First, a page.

“Shh!…Don’t talk about it: the taboo of Pitbull fights”

About two weeks ago, I shared a story about my pit bull Biscuit. He and my husky-lab Jordi got into a really bad fight. Since coming home in August of this year, the two have had snipped and strutted around each other occasionally before in an effort to determine alpha status. There were only a few micro incidents that quickly dissolved in response to my chiding them.

What happened that week was different. It was serious, violent, and bloody. I still can’t put my finger on the trigger of this event, so I’ve kept them separated both inside and outside. One hangs out in the garage while the other is either in-house with Koba, or in the backyard and vice versa.

I shared the incident with my mother, but haven’t talked to the rest of my family about it. Mostly to avoid the “I told you so’s”. You see, my family like many people already have a negative opinion of the breed that is known as the pit bull.

Upon hearing that one of my three dogs was a pit bull mix( the other two are husky-lab, and german shepard mix), one of my aunts stepped on her soap box, and grilled me through the telephone on why I would bring “something like that” into my home, and around my daughter at that?

She retold me many accounts of dog attacks she had seen on the news and asked if I knew that “these kinds of dogs turn all the time?” Well, I didn’t. Because I choose not to watch the news (I may blog about the reason why another time), my mind hadn’t been inundated with scores of gruesome stories of dogs attacking owners, children, and babies.

I didn’t think, and still don’t think that Biscuit is a threat to either my daughter or to me. But I am starting to think his preference is to be around an only dog, and particularly not around other male dogs. I make this distinction because of Koba, my female German Shepard. His interactions with her are very different than how he behaves with Jordi, a male. Also if I could do it again, I probably wouldn’t have adopted him into a house full of cats.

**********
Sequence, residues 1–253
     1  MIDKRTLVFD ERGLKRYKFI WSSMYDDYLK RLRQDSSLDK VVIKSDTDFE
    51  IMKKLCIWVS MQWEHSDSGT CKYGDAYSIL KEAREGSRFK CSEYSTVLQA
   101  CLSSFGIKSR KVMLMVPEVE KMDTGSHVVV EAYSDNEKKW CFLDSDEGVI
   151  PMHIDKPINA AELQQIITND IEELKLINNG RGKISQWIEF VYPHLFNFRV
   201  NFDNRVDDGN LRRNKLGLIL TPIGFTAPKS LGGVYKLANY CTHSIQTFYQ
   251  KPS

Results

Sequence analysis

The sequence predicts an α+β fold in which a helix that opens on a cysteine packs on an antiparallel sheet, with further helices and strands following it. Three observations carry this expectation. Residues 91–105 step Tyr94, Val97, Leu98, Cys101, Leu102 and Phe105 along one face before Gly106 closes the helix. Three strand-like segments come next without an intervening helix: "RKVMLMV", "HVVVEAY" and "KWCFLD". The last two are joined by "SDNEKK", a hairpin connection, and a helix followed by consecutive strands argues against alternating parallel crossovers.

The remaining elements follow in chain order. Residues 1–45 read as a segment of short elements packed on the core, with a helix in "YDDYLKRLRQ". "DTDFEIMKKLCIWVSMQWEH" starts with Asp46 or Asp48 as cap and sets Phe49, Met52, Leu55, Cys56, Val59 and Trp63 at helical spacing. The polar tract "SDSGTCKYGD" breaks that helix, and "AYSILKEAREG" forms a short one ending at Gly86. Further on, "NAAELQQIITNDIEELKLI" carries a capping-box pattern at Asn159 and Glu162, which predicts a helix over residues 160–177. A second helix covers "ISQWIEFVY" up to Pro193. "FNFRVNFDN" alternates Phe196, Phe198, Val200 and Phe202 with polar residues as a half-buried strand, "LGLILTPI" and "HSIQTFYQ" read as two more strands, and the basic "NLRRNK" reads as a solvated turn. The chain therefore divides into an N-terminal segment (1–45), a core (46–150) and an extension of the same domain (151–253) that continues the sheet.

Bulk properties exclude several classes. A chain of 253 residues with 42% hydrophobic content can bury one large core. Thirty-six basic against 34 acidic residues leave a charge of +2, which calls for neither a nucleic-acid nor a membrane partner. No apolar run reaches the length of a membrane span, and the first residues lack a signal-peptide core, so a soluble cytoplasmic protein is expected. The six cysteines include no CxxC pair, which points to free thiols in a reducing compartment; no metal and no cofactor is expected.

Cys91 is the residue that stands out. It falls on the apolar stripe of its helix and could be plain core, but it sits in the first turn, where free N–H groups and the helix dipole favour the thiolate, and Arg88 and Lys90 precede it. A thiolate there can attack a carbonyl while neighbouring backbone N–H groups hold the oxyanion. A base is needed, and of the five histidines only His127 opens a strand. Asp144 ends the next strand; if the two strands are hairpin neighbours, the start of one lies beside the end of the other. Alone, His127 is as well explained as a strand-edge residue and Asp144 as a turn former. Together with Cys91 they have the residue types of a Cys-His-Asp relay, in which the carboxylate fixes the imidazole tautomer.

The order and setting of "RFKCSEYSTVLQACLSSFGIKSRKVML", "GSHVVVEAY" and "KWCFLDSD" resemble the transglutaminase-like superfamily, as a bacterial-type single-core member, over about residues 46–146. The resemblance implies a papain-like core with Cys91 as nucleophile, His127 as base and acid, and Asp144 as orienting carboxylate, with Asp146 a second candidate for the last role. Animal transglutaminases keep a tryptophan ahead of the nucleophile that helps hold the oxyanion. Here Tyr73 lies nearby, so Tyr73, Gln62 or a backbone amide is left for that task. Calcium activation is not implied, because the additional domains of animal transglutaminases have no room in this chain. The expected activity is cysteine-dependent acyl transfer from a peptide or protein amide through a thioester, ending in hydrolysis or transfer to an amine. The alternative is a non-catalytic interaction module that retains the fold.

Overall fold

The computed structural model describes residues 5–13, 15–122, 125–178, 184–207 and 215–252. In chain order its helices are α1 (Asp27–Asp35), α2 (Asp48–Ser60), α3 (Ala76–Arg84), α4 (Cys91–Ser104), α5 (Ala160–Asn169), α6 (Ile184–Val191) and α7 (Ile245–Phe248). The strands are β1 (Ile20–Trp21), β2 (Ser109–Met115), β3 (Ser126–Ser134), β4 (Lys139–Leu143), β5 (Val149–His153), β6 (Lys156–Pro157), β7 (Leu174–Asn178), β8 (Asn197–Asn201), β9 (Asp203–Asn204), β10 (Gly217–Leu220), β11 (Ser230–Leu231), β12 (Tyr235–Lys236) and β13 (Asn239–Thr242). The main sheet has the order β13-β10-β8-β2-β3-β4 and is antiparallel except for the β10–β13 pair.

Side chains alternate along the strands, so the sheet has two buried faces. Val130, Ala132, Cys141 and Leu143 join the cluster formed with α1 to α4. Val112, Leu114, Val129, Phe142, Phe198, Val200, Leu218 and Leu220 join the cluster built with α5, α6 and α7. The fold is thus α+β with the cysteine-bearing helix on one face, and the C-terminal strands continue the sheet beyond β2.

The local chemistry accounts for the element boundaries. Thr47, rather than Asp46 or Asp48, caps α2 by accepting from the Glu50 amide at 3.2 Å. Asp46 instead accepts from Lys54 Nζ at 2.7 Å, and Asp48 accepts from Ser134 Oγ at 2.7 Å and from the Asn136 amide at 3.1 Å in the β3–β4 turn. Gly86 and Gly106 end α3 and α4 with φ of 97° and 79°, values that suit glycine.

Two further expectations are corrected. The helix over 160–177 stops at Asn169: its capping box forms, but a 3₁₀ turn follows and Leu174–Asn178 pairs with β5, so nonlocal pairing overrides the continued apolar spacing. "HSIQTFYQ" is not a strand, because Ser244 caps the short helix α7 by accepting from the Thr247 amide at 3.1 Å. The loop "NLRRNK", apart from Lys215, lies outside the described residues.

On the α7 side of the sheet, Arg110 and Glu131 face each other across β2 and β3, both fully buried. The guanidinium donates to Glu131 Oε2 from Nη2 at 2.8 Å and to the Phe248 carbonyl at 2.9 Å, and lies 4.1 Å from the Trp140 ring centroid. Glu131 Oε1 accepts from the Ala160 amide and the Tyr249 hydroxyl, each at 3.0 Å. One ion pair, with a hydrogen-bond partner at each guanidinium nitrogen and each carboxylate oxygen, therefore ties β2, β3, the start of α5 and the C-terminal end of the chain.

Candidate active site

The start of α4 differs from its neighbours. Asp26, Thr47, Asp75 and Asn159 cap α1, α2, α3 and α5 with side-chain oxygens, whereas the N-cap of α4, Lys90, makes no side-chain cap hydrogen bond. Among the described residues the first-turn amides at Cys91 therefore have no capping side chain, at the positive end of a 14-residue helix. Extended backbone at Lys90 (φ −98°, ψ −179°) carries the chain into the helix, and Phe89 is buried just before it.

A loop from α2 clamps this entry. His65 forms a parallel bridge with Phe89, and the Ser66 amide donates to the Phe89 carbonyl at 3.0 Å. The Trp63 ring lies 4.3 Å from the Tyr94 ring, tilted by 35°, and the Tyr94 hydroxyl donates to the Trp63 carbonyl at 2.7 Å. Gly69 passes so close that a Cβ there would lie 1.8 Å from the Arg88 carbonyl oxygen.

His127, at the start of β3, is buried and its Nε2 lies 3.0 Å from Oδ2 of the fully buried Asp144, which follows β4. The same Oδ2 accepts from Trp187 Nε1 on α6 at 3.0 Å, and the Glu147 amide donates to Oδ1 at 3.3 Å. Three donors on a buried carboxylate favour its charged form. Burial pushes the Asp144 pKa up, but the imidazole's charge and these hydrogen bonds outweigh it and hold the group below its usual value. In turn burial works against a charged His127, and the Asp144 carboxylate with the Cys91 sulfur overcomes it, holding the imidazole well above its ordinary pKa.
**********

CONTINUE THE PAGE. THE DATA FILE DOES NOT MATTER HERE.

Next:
Full disclosure: he bit my oldest cat on the paw while following me to the front door to take out the trash. He had been in my home for barely a month then, and I hadn’t established many house rules for him then. A week later he cornered her in a room that I had left open for her and bit her paw again.

Now, he and the other dogs are trained to stay in the back of the house and out of “Kitty City”. This helps the anxiety in the cats and the “instincts” he may be harboring. Biscuit has calmed down considerably around the cats and is nearly nonchalant when I’m in the same room with them. But I don’t think I’ll ever leave him alone with the cats. I am not naïve to think he can fully accept them as not being prey, but I am hopeful that as time goes by he gains more self-discipline and accepts them as part of his pack.

So this is it, me talking about a Pitbull/Bully breed in an unfavorable light. This is an issue that I am only now realizing is a very controversial and sensitive topic. I question my own intentions from time to time as to why I haven’t returned him to the shelter, which would be an easy solution for me but a likely death sentence for him.

Am I out to prove a point that he can be trusted to be a safe and loving animal in my home? If so, to whom am I trying to convince: others, or myself? There are concerns that I have still, but none that influence me to “get rid of the problem” that is Biscuit.

I will continue to practice methods that will both protect my other animals, and hopefully, retain him to become a trusted and cooperative part of my family. I will update on progress and regress. Keeping my fingers crossed.

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Until next time,

“Keep the harmony!”

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  1. My dear Kenya, you have lots of patients and compassion .Continue with the gentle teaching and I will pray for more harmony

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